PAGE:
Now we do treat with special care some of our utility quilts especially with having dogs. I made a T-shirt quilt for Terry the Quilting Husband with 49 of his t-shirts for a special birthday event a couple years ago. It is a very warm and cozy quilt with flannel shirt fabric backing. When I put it on the bed, I do cover it with a light blanket as one of our dogs like to do the “spin around and scratch the surface” until he settles into a spot, and I did not want him scratching at the t-shirts.

If you search on the web you will see advice to use special laundry detergent and gentle wash when washing quilts. This would work also, but I have always washed the utility quilts I have made the same as I wash most my clothes.


Unless the person who made it tells you otherwise, I would only professional dry clean wall hangings or decorative/art quilts. Especially if they are made with materials other than cotton. For example, I would never launder the recycled silk art quilts I have made.

Even if the wall hanging is cotton and it might be safe to lauder, keep in mind that once you launder it, you may change the texture and the look of the piece. The maker may not have pre-washed the fabric if they were using it for a decorative wall hanging type of quilt.

xmas08 014
Appliquéd Sheltie wallhanging I made as a gift for a friend – this should never be laundered!

Instead of dry cleaning wall hangings, I have just shaken out the dust on a wall hanging in my backyard and let it sit in the fresh air and sun for a short period of time (do not leave quilts out in the sun for long period the colors can fade) to freshen it up.


If I needed to wash an antique or heirloom quilt, the first thing I would do is find someone with expertise on what to do. Luckily I have a quilting colleague who is an expert in the cleaning and preservation of antique quilts.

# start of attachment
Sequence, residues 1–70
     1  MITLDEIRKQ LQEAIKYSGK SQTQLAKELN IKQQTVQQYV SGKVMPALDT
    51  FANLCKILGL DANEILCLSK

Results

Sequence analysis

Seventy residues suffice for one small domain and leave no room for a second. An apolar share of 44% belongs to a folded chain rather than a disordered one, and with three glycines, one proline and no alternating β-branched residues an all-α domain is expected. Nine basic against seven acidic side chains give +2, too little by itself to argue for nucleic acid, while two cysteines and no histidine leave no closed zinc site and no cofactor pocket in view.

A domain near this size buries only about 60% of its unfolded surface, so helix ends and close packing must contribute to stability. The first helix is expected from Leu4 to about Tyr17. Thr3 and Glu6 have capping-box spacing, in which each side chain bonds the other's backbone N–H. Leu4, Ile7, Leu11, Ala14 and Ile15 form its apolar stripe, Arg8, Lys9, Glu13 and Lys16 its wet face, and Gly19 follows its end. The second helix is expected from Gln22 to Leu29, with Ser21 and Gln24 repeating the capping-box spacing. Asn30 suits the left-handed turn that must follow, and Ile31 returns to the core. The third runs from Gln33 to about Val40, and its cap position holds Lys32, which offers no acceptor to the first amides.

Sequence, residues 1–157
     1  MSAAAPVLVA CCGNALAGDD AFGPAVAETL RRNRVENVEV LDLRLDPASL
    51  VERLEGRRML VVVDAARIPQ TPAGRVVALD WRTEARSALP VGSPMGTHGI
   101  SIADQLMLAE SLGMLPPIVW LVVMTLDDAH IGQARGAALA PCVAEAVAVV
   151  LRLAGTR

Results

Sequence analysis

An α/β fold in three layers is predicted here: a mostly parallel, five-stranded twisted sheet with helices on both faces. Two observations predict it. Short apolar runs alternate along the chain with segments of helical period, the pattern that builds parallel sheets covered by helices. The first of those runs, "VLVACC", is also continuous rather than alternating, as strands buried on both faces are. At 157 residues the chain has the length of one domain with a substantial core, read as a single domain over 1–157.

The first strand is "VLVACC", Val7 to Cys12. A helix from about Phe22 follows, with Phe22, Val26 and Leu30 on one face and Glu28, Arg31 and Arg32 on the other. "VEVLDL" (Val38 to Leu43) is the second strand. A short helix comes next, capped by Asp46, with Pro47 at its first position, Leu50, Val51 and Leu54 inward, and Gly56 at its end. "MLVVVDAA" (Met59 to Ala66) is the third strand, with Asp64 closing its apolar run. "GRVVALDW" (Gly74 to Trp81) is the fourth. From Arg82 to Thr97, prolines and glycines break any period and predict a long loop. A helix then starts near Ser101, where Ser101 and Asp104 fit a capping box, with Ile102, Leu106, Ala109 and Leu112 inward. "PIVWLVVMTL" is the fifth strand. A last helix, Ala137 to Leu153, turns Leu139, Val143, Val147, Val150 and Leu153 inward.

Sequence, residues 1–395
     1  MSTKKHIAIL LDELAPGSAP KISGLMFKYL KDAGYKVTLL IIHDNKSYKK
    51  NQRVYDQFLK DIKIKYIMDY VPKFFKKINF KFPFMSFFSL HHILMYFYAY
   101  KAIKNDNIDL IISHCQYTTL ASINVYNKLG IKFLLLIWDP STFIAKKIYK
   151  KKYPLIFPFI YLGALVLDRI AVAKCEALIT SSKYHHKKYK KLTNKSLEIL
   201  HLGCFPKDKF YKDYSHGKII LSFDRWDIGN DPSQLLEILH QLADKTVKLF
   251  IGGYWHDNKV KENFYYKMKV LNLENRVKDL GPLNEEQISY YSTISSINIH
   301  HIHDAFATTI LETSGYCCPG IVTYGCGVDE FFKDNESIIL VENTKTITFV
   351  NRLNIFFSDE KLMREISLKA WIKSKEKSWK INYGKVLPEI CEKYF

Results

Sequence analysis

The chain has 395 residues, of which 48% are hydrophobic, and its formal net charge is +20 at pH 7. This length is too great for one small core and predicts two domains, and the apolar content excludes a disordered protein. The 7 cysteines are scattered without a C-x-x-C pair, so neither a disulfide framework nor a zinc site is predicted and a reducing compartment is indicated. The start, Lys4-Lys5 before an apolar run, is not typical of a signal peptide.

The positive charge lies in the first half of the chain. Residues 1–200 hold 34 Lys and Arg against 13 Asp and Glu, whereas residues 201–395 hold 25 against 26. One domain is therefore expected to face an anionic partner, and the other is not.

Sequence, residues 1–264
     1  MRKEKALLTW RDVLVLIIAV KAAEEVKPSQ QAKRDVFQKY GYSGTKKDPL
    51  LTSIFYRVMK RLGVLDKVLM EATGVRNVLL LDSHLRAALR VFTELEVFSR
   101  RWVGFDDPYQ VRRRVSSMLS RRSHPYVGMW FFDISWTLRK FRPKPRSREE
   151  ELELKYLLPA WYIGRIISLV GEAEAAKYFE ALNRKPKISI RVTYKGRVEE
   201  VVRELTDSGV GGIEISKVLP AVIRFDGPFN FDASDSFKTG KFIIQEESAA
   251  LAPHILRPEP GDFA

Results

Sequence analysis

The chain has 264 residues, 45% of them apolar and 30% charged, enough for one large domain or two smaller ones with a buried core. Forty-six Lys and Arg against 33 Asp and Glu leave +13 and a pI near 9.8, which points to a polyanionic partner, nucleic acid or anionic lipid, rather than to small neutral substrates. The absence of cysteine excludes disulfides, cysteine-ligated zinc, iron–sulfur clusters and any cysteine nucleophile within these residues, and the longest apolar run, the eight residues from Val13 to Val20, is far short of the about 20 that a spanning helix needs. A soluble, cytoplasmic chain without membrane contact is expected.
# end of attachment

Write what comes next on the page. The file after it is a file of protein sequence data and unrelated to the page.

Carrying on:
If you do not have a friend who is an expert/resource on cleaning antique quilts, then researching on the internet is your second best option.

The Michigan State University Museum has a nice article on Cleaning Antique QuiltsInterestingly in this online article they recommend only vacuuming antique quilts. If you do insist on washing the quilt, they provide some general instructions on safely washing an old quilt.

Antique quilts make me anxious so I have no photos to share (as I do not know own one). To be honest I prefer either quilts I can launder at will or art quilts/wall hanging that just stay on the wall.


Perhaps your eyes were rolling right out of your head as you read this post. Or maybe your head was nodding in agreement with my sage advice as you read this post.

Either way, now is time for you to help my reader out (and me if I am giving bad advice) and share your thoughts in the Comment section below on the best way to clean and care for quilts!  Thank you!

15 thoughts on “Laundering Quilts”

  1. 😀 Thanks for this. My head was nodding in agreement. Interesting note on pre washing fabrics for utility quilts. I hardly do but if it’s bigger than a baby quilt, I generally send it off for professional dry cleaning after it’s done before sending it off and I’ll definitely inform the recipient to dry clean only too. For the baby quilts and smaller I just gently hand wash with a mild detergent. I haven’t made many art quilts no antique quilt in my possession either.